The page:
Viewpoint: The challenge to voting rolls shows how lazy New Orleanians are

Voting is a privilege that Americans often take for granted. Millions of people in countries around the world are willing to risk their lives for freedom, democracy and fair elections. Yet thousands of New Orleanians are labeled on the rolls as “inactive voters” because they haven’t gone to the polls often enough. 

Sure, some inactive voters have moved out of parish or out of state. Individuals who have passed away are purged. Yet there are still plenty of New Orleanians who end up on the inactive list because they are just too lazy to get off the couch on Election Day or cast their ballots in advance.

Viewpoint: Registrar of Voters Sandra Wilson is in the recall hot seat

Now that submitted 10 boxes of mayoral recall petitions to Registrar of Voters Sandra Wilson, the pressure on Wilson is mounting. She is responsible for the review and authentication of approximately 50,000 signatures, delivered Wednesday (Feb. 22), within 20 working days. Even if Wilson and her staff labor seven days a week, they would have to review of almost 1,800 signatures each and every day to reach their goal. As the result of a lawsuit filed by, Wilson will also have to defend the accuracy of the voting rolls she oversees in Civil District Court on Monday (Feb.

Viewpoint: One thing is certain about Saturday’s District 93 election: low turnout

The election on Saturday (Feb. 18) to replace former state Rep. Royce Duplessis in House District 93 is a popularity contest, pure and simple. The ultimate winner will be the candidate who does the best job of getting his or her friends, family and admirers to the polls on Endymion Saturday. Duplessis was sworn into the state Senate last week during a well-attended ceremony at Xavier University. Fast, furious and barely funded, the race includes six competitors who reflect the district’s geographic and ethnic diversity.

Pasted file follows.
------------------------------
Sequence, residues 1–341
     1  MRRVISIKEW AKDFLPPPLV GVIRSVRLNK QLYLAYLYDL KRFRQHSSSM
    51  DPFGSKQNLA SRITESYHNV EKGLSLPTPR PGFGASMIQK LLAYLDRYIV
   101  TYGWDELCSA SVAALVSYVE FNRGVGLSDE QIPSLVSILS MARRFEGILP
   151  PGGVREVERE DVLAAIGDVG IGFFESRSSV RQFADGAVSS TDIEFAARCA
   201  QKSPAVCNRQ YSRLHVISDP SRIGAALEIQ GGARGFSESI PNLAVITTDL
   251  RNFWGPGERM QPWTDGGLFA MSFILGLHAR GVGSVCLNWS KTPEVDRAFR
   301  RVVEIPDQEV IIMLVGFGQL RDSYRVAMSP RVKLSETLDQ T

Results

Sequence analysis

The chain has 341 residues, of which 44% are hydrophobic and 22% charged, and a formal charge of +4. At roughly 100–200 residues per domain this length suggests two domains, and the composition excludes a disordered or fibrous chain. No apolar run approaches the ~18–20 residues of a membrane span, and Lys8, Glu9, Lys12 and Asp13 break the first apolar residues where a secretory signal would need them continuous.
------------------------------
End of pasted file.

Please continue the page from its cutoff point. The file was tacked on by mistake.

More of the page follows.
Viewpoint: Could Tyre Nichols’ killing have happened in New Orleans?

My heart went out to RowVaugh Wells as she watched the evidence unfold last week against the seven rogue Memphis police officers and three first-responders who are alleged to be responsible for the untimely death of her son Tyre Nichols. A 29-year-old Black man, Nichols died on Jan. 10, three days after a fatal encounter with the MPD’s Scorpion police unit. Nichols made the mistake of trying to run away from the officers during a traffic stop. Running from the police is never a wise move and usually leads to an ugly chase.

Viewpoint: Campaign season starts again with House District 93 race

2023 will be a busy election year in Louisiana. A new governor, other statewide officials, and multiple judges will be selected. Yet the first race of the new year will fill a vacancy in Orleans Parish’s legislative delegation. Qualifying begins Wednesday (Jan. 11) for a candidate to represent the Louisiana House District 93 seat previously held by Royce Duplessis.

Viewpoint: New Orleans voters need a voice in who runs the NOPD

For perhaps the first time since Mayor LaToya Cantrell appointed Shaun Ferguson as chief of police almost four years ago, Ferguson spoke candidly in public. “I want to encourage our city leaders to have better communication lines. This isn’t able personal agendas. It’s about the safety of the people of New Orleans,” Ferguson said Wednesday (Dec. 7) during his remarks on what influenced his surprise decision to retire in less than three weeks.

Viewpoint: Relationship between Mayor Cantrell and City Council reaches new low

This week’s drama that pitted Mayor LaToya Cantrell against City Council President Helena Moreno and the majority of council members is just another example of the deep rift between the two branches of city government. Don’t expect it to heal anytime soon. The council was quick to call out Cantrell for her handling of Housing Authority of New Orleans board member Sharon Jasper, a long-time tenant advocate who Cantrell wanted to replace. State law requires that the appointing authority provide clear reasons for dismissal. Cantrell initially provided no reasons and then gave only lip service to the law.

Viewpoint: As we give thanks today, remember those who are less fortunate

Why is Thanksgiving special? After all, the early Pilgrims weren’t such great folk. They muscled their way onto this continent and used weapons not available to its indigenous population to seize land, food and people while eliminating anyone who got in the way. They brought diseases that tribes had no means to combat. They broke up homes and destroyed villages and sacred grounds.

Viewpoint: Boissiere says ‘dark money’ forced PSC race into a runoff

Incumbent District 3 Louisiana Public Service Commissioner Lambert Boissiere III launched a scathing attack Wednesday night (Nov. 9) on outside forces that he said precipitated the runoff in his bid for a fourth and final term on the PSC. “Almost $1 million dollars in dark money poured into my race from donors outside of Louisiana. Their purpose was not to support another candidate but just to pull votes from me,” Boissiere told a roomful of New Orleans Democratic leaders. The PSC race is the only New Orleans contest on the Nov.